The Pastor of Hermas on Fasting and Obedience: Excerpts from an Early Christian Document

The Pastor of Hermas, a.k.a. the Shepherd of Hermas, is an early Christian document that was even cherished as scripture by some early Christians. It relates visions and parables given to a man named Hermas by an angel acting as his shepherd or guide. It is one of several early sources referring to the practice of baptism for the dead, but today I’d like to quote from a section on fasting to help remind Latter-day Saints and others that evolution that has occurred over the centuries in understanding the conditions for salvation. Hermas also offers a familiar perspective on the importance of fasting, and the need to use funds saved in fasting to help the poor in our midst. I’m also intrigued by hos own version of the parable of the vineyard. The passage below comes from the 5th Similitude in the Third Book of the Pastor of Hermas:

“I say to you,” he continued, “that the fasting which you think you observe is not a fasting. But I will teach you what is a full and acceptable fasting to the Lord. Listen,” he continued: “God does not desire such an empty fasting. For fasting to God in this way you will do nothing for a righteous life; but offer to God a fasting of the following kind: Do no evil in your life, and serve the Lord with a pure heart: keep His commandments, walking in His precepts, and let no evil desire arise in your heart; and believe in God. If you do these things, and fear Him, and abstain from every evil thing, you will live unto God; and if you do these things, you will keep a great fast, and one acceptable before God.”

Chap. II.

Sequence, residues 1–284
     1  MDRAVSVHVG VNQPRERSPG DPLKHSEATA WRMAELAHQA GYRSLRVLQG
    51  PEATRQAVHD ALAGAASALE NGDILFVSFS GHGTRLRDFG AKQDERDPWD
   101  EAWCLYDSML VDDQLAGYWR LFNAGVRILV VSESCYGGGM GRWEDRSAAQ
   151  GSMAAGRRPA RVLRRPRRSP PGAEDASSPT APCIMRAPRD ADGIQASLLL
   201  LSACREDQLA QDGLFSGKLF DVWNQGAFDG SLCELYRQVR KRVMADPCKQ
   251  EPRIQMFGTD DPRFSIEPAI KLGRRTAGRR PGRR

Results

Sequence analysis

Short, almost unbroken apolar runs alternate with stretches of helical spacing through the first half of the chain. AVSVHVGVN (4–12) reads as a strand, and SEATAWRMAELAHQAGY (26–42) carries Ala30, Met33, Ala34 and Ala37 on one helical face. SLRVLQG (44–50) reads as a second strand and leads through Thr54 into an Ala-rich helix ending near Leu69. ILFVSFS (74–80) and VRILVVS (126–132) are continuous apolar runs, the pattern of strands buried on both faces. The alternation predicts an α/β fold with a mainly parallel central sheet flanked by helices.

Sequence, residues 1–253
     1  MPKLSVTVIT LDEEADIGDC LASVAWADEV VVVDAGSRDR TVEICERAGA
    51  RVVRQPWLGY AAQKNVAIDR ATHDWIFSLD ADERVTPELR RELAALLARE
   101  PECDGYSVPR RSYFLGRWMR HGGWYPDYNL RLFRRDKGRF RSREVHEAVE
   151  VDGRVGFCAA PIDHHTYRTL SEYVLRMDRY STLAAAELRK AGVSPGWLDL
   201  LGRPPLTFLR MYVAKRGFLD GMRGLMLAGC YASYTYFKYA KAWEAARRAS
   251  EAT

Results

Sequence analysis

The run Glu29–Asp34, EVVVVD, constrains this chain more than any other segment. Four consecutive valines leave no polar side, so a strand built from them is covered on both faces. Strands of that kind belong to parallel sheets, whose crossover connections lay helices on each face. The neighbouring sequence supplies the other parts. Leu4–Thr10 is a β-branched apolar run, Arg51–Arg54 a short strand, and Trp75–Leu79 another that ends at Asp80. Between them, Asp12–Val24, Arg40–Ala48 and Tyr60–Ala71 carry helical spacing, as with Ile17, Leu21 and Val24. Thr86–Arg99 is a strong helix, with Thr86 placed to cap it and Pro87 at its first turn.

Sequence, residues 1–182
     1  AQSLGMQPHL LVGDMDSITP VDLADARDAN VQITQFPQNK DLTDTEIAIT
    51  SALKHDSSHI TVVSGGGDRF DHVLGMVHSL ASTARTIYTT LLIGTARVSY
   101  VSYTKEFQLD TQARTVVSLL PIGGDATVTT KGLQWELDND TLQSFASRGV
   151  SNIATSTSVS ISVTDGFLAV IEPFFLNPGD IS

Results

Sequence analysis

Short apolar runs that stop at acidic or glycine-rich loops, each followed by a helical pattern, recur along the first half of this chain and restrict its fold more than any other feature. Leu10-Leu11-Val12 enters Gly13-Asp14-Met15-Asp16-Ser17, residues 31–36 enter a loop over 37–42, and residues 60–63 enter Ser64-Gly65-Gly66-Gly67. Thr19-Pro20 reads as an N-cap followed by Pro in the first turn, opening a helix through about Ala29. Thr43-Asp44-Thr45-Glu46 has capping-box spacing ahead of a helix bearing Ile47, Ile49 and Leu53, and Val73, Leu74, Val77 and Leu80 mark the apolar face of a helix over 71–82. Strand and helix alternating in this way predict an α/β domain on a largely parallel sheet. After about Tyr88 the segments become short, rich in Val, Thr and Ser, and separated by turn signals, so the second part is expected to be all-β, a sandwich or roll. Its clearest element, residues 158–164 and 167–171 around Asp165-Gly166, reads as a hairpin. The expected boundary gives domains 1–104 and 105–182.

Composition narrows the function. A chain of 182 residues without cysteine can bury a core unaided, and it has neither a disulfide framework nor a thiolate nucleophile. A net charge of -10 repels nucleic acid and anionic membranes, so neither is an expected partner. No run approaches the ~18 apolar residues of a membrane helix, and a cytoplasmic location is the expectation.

“Hear the similitude which I am about to narrate to you relative to fasting. A certain man had a field and many slaves, and he planted a certain part of the field with a vineyard, and selecting a faithful and beloved and much valued slave, he called him to him, and said, ‘Take this vineyard which I have planted, and stake it until I come, and do nothing else to the vineyard; and attend to this order of mine, and you shall receive your freedom from me.’ And the master of the slave departed to a foreign country. And when he was gone, the slave took and staked the vineyard; and when he had finished the staking of the vines, he saw that the vineyard was full of weeds. He then reflected, saying, ‘I have kept this order of my master: I will dig up the rest of this vineyard, and it will be more beautiful when dug up; and being free of weeds, it will yield more fruit, not being choked by them.’ He took, therefore, and dug up the vineyard, and rooted out all the weeds that were in it. And that vineyard became very beautiful and fruitful, having no weeds to choke it. And after a certain time the master of the slave and of the field returned, and entered into the vineyard. And seeing that the vines were suitably supported on stakes, and the ground, moreover, dug up, and all the weeds rooted out, and the vines fruitful, he was greatly pleased with the work of his slave. And calling his beloved son who was his heir, and his friends who were his councillors, he told them what orders he had given his slave, and what he had found performed. And they rejoiced along with the slave at the testimony which his master bore to him. And he said to them, ‘I promised this slave freedom if he obeyed the command which I gave him; and he has kept my command, and done besides a good work to the vineyard, and has pleased me exceedingly. In return, therefore, for the work which he has done, I wish to make him co-heir with my son, because, having good thoughts, he did not neglect them, but carried them out.’ With this resolution of the master his son and friends were well pleased, viz., that the slave should be co-heir with the son. After a few days the master made a feast, and sent to his slave many dishes from his table. And the slave receiving the dishes that were sent him from his master, took of them what was sufficient for himself, and distributed the rest among his fellow-slaves. And his fellow-slaves rejoiced to receive the dishes, and began to pray for him, that he might find still greater favour with his master for having so treated them. His master heard all these things that were done, and was again greatly pleased with his conduct. And the master again calling together his friends and his son, reported to them the slave’s proceeding with regard to the dishes which he had sent him. And they were still more satisfied that the slave should become co-heir with his son.”